There is this quote from Ijeoma Umebinyou’s “Diaspora Blues”: “So, here you are / Too foreign for home / Too foreign for here. / Never enough for both.” I feel like that sums up my experience, thus far. Being political is in our DNA and it’s the reason we are living outside of Iran. My mother gave up on going home, and I gave up a long time ago because there were attempts on the lives of family members, and then I started doing porn. And yet, this recent uprising has sparked a glimmer of hope that maybe there might be a chance for us to go back to Iran someday. I don’t see Iran ever returning to the way it was before my parents left, nor do I see the regime conceding. The majority may not support the protestors, but the country as a whole is sick and tired; the movement has already achieved enough of a shift that it cannot be ignored.

One shift (at least internationally) is showing that it isn’t Islam that’s the problem, but Human Rights and the regime’s interpretation of it. People are afraid to speak out against Islam, especially other people from the region. But it’s not about Islam; it’s about Human Rights and the regime’s interpretation of Islam that is the problem. The regime has scared a lot of people away from religion (my parents and myself included) and has ruined Islam for a lot of Iranians.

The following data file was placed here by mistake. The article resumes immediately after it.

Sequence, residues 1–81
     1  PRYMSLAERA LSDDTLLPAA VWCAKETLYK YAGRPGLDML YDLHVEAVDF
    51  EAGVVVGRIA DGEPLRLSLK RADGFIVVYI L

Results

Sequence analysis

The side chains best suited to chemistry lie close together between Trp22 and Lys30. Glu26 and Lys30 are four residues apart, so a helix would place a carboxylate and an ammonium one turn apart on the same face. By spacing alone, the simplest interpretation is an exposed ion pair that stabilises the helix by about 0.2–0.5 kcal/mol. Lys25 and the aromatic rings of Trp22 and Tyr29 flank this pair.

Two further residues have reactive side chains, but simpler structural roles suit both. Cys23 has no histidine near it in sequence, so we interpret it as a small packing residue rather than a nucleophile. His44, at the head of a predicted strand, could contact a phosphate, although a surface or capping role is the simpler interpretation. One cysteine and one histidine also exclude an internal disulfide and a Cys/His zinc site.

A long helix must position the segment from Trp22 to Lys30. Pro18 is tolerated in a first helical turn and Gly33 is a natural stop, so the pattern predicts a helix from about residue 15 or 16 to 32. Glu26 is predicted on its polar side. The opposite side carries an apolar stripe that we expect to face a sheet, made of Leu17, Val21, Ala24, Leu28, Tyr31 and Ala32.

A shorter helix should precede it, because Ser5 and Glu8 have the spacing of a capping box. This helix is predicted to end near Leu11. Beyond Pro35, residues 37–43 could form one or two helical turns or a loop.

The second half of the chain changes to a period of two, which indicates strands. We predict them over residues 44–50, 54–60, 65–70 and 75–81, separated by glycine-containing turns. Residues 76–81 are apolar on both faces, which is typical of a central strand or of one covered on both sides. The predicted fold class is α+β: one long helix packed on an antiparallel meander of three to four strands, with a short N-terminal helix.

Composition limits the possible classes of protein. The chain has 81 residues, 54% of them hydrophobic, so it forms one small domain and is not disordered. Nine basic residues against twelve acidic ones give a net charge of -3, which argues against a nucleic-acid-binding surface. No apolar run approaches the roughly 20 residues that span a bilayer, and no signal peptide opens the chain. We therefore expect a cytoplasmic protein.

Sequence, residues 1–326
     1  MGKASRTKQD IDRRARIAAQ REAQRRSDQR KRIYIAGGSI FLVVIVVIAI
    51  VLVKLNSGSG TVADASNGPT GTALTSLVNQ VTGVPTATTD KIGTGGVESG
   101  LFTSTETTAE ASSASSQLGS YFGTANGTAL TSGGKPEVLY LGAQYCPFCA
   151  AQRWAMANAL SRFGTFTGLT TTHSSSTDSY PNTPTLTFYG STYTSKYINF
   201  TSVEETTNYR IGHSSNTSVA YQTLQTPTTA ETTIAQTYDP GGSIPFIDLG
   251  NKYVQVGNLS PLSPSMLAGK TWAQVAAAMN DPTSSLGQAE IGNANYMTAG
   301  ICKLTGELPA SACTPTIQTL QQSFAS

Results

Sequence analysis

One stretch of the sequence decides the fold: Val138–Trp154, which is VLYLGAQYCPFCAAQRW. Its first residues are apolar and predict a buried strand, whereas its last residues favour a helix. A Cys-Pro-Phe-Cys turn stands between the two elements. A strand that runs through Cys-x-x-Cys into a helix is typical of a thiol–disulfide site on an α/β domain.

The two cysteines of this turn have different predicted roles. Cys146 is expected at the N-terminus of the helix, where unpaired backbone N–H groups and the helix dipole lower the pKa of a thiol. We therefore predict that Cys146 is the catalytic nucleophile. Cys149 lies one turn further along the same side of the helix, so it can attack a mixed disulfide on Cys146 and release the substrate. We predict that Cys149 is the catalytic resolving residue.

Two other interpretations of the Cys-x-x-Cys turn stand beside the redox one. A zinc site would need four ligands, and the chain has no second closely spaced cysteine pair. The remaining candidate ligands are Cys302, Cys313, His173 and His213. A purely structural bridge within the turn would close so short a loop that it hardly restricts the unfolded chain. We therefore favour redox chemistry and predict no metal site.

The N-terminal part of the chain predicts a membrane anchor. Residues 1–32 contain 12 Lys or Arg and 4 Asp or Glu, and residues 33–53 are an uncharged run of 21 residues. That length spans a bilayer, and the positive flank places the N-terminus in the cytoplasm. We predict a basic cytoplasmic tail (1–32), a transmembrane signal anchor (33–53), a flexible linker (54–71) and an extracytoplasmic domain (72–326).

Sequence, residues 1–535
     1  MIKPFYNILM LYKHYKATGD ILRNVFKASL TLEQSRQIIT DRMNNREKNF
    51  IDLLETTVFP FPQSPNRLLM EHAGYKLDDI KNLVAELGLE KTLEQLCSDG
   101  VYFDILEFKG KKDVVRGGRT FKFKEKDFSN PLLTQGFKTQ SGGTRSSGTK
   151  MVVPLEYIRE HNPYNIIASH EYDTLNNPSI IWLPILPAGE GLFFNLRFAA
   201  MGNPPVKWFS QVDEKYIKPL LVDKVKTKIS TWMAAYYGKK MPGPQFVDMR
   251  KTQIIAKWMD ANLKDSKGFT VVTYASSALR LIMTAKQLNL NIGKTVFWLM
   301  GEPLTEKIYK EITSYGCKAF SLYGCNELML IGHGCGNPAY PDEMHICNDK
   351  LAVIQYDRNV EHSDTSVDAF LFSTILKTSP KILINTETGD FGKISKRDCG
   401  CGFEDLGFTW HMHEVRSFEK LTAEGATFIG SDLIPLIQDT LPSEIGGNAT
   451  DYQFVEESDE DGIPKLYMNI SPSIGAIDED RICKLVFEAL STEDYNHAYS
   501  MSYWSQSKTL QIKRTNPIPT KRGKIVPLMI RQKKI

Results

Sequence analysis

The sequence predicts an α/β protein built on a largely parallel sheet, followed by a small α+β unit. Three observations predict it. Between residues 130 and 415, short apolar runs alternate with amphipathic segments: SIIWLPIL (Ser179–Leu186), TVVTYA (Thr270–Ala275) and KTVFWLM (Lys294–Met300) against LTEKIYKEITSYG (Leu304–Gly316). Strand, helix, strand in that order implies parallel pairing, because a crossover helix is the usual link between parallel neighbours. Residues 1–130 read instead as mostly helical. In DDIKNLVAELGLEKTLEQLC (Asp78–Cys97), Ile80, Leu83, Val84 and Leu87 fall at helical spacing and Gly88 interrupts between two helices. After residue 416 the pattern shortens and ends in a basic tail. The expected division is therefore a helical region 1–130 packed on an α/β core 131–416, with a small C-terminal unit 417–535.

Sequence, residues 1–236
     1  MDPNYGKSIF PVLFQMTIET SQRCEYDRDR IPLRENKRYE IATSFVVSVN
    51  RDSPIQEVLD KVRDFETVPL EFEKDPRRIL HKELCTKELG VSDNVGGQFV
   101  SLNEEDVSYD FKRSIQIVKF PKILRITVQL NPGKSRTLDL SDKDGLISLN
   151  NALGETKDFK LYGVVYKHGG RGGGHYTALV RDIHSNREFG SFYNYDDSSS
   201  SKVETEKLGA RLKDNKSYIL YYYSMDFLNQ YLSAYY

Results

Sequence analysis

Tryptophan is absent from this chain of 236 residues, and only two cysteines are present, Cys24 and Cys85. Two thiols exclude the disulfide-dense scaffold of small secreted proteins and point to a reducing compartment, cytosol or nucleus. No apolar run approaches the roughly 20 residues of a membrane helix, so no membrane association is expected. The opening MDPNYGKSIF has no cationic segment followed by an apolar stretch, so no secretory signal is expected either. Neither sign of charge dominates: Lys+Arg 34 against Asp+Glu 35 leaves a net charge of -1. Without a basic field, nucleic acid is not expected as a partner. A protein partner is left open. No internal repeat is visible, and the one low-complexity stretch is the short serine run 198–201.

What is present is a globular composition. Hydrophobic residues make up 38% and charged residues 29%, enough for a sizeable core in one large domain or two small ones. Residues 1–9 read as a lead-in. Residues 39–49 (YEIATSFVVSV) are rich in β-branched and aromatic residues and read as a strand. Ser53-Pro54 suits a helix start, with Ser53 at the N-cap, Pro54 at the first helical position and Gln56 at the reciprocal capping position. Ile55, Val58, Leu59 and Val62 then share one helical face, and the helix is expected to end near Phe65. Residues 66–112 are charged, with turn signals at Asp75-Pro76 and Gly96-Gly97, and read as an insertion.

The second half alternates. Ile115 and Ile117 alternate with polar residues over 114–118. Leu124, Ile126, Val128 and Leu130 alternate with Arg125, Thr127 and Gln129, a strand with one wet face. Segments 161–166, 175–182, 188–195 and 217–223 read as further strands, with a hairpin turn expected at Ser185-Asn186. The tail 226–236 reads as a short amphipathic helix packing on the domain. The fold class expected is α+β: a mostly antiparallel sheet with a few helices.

Photographed by Roy Freiha

What are you most proud of from last year and what does the future look like for you?

I’m just proud of the life that I’ve built. I just bought my first house, a dream that I never thought would be a reality, and have become one of the first Iranians to have such success in the industry. I’m looking to evolve in the coming years, but I don’t know what that really looks like. I’ve been working on more creative projects, getting back to painting and photography and I’m having fun with it. Plants and animals are a big part of my life so maybe I’ll find a way to incorporate all these aspects of myself into something new. Moving to Iran would be a long-term future goal for me too, buying land, raising pigeons again, and living out my older years surrounded by my people would be a dream. I’ll keep you updated.

On The Cover

Photos and creative direction by Roy Freiha
Interview by Aryana Hessami 
Cover design by Morcos Key 
Cover design assembled by Alaa Sadi
Editor-in-Chief Khalid Abdel-Hadi
This feature is part of the “The Wawa Complex” issue